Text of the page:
Thursday, July 2, 2015

Under the Wide and Starry Sky

My book group at the library read this book for June and we discussed it on Tuesday night.  I loved Nancy Horan's first book, Loving Frank, about the life of Frank Lloyd Wright and his wife Mamah. The author does so much research for her books that you really wonder what is fact and what is fiction, something that sparked a whole separate discussion on the genre of historical fiction.  Under the Wide and Starry Sky is about the life of Robert Louis Stevenson and his American wife Fanny, and it is based on extensive research, including the many letters of both Louis and Fanny.  They had a fascinating life of love and adventure and I enjoyed the book, although it's a little slow going at times. We all agreed it (like many books) could have been 100 pages shorter. The life Louis and Fanny led, living in France, England, Scotland, Australia, Switzerland, California,  and finally sailing the South Pacific and living in Samoa was really amazing, especially considering they were living in the late 1800s.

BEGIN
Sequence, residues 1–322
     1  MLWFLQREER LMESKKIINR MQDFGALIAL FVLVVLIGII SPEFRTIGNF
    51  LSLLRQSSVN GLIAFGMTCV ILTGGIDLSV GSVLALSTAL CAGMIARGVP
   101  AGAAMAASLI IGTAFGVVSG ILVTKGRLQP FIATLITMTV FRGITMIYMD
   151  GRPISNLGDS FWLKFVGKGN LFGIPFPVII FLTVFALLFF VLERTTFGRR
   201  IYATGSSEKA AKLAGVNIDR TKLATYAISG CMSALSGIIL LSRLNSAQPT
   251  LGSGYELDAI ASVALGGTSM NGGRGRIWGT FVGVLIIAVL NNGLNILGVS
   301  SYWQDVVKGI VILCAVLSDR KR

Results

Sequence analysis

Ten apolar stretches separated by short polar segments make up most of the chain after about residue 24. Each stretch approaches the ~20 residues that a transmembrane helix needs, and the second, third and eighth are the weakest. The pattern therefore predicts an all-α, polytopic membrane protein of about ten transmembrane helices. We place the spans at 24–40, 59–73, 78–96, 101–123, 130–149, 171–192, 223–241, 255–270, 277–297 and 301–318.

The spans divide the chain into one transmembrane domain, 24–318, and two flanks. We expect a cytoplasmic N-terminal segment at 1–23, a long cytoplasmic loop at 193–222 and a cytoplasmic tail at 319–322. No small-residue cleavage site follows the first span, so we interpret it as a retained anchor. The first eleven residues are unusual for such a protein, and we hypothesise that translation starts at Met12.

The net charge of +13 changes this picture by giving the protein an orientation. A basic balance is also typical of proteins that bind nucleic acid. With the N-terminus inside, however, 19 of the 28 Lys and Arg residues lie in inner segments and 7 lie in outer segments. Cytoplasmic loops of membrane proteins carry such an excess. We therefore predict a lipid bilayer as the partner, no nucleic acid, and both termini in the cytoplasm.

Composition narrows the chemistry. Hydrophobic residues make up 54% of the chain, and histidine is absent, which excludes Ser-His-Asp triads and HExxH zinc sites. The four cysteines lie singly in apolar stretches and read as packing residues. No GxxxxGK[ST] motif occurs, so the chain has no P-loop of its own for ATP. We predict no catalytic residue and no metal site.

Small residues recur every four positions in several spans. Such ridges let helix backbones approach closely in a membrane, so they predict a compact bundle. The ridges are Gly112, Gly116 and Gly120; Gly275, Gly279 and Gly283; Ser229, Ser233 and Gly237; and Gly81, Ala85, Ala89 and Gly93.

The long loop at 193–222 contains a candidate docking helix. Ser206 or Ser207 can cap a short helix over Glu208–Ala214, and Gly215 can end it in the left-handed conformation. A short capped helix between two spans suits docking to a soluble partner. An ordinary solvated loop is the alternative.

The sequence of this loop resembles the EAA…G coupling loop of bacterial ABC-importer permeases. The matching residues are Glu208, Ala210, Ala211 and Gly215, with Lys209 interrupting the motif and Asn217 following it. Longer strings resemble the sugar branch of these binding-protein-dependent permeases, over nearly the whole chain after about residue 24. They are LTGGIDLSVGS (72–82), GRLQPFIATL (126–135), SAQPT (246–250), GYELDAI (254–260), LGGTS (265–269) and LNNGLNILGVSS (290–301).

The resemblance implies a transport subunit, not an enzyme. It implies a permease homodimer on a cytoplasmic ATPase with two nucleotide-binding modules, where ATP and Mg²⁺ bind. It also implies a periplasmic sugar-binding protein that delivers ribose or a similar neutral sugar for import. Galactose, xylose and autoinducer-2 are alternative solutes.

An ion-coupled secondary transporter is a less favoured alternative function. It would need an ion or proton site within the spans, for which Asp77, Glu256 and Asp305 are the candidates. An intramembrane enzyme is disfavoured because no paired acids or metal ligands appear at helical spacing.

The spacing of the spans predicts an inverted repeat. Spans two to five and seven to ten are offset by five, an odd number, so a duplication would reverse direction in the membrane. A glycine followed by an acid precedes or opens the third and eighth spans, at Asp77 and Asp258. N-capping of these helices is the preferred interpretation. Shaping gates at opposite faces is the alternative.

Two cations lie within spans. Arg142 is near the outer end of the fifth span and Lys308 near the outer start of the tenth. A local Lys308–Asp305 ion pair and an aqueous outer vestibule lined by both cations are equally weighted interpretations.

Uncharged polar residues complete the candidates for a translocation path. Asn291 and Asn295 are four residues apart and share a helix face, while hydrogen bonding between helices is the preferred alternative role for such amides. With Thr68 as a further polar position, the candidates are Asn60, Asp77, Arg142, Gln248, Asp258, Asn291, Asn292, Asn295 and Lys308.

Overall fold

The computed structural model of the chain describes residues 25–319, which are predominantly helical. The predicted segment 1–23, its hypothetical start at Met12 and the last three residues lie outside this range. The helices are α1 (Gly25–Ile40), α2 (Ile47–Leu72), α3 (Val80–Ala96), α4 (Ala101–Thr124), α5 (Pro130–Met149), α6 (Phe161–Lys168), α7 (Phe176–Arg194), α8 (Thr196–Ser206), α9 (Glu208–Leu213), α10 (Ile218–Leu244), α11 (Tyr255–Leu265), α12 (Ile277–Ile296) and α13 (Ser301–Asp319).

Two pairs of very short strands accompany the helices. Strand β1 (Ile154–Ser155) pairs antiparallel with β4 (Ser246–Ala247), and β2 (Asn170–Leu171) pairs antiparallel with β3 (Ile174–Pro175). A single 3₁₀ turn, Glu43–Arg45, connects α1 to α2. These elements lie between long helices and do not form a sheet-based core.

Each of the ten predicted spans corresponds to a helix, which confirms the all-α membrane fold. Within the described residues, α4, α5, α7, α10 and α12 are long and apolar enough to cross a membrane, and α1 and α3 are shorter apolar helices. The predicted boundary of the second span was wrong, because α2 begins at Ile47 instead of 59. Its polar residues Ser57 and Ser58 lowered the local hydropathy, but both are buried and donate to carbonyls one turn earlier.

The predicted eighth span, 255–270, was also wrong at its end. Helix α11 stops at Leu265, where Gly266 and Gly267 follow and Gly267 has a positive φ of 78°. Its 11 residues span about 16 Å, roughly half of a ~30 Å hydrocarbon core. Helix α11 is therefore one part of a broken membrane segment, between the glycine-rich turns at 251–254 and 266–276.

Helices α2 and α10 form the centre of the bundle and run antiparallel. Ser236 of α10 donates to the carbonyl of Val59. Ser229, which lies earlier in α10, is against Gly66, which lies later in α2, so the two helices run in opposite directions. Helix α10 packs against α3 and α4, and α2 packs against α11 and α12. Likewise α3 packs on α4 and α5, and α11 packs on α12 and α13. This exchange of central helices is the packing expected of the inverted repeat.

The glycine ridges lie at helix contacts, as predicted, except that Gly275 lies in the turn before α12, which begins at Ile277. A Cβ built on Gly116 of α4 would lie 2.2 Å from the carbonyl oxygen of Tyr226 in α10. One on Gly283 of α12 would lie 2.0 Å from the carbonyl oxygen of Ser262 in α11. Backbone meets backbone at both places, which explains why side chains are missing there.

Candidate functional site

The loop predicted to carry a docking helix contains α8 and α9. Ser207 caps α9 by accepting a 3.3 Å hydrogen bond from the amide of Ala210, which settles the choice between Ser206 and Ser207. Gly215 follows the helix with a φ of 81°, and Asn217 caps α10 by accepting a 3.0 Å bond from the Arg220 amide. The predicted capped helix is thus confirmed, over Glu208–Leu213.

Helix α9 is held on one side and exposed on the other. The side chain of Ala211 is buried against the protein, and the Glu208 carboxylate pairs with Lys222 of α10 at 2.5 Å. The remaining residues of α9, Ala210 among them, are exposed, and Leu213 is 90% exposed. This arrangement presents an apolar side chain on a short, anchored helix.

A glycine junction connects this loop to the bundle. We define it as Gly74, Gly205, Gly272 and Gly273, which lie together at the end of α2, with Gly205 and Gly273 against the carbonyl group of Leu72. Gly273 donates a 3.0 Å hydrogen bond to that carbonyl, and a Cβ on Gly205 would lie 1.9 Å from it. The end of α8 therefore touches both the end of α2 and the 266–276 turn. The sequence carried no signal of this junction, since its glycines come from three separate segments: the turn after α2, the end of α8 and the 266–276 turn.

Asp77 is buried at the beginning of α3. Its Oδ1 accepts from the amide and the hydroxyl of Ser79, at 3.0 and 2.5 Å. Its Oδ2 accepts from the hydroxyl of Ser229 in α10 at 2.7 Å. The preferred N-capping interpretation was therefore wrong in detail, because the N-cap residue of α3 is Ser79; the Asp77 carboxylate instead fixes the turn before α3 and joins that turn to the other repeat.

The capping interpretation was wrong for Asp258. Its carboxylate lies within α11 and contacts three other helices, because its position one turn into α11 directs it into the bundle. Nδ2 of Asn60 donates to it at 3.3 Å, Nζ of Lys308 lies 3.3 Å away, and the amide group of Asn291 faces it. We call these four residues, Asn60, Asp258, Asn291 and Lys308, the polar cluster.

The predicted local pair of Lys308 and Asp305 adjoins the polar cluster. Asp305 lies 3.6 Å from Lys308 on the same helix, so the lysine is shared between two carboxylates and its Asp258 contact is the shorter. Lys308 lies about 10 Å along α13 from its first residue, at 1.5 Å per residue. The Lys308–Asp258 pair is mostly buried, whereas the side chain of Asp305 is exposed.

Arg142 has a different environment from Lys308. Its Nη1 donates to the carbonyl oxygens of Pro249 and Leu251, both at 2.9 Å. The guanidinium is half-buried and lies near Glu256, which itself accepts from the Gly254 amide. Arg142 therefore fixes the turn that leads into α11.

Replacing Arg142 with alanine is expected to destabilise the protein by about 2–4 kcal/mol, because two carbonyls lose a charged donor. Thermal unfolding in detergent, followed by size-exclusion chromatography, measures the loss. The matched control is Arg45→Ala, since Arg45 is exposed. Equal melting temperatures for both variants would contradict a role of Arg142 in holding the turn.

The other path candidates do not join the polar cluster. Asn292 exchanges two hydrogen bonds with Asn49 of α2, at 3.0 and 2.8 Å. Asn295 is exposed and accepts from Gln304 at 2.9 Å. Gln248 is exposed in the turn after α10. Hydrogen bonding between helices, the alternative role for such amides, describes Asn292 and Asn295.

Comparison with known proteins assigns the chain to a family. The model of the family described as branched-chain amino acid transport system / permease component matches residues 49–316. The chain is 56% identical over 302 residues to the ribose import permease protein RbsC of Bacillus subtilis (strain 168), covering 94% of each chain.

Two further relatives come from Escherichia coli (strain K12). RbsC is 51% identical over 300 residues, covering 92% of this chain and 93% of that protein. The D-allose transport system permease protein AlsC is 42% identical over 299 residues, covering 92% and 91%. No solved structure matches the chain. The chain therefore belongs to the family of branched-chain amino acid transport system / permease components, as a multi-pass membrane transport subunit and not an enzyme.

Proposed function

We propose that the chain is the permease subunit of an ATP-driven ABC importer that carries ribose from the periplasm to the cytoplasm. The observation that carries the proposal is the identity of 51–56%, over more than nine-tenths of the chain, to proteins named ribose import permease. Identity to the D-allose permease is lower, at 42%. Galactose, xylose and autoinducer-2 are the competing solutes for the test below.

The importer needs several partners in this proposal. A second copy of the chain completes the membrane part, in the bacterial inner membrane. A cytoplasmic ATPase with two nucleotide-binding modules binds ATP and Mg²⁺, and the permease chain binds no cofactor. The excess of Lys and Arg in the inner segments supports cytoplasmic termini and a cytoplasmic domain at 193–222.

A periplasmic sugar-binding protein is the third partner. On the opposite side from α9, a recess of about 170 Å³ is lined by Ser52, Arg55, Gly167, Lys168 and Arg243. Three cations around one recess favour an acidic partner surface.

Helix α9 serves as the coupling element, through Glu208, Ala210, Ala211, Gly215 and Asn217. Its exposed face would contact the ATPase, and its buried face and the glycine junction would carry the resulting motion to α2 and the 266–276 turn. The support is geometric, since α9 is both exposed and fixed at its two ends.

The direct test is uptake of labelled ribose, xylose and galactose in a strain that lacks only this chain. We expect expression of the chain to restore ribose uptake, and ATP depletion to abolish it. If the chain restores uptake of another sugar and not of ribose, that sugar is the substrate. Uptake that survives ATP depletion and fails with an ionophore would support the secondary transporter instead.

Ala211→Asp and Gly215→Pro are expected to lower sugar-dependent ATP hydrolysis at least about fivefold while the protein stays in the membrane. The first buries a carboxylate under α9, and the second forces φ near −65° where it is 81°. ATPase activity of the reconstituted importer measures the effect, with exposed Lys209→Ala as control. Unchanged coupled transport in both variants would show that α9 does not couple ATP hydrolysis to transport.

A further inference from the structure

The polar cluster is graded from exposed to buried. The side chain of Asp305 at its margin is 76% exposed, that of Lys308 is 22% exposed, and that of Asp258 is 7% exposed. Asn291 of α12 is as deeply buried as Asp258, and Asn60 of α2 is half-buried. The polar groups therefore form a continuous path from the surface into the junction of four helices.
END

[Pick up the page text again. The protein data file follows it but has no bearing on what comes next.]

Stevenson was a sickly man much of his life, and Fanny nursed him and nurtured his career so that he could write the classics Treasure Island, Kidnapped, and The Strange Case of Dr. Jekyll  and Mr. Hyde, among others. (Interesting fact: Stevenson borrowed the name Jekyll from family friend Gertrude Jekyll, the legendary English gardener!). Fanny sacrificed her own dreams (not always happily) of being a painter and a writer, certainly not unusual for that time period. There was lots to talk about with this book, and while most people liked the book, a few did not and that always makes for a good discussion.

Robert Louis Stevenson's epitaph:

Under the wide and starry sky,
Dig the grave and let me lie,
Glad did I live and gladly die,
And I laid me down with a will.
This be the verse you grave for me:
Here he lies where he longed to be,
Home is the sailor, home from sea,

And the hunter home from the hill.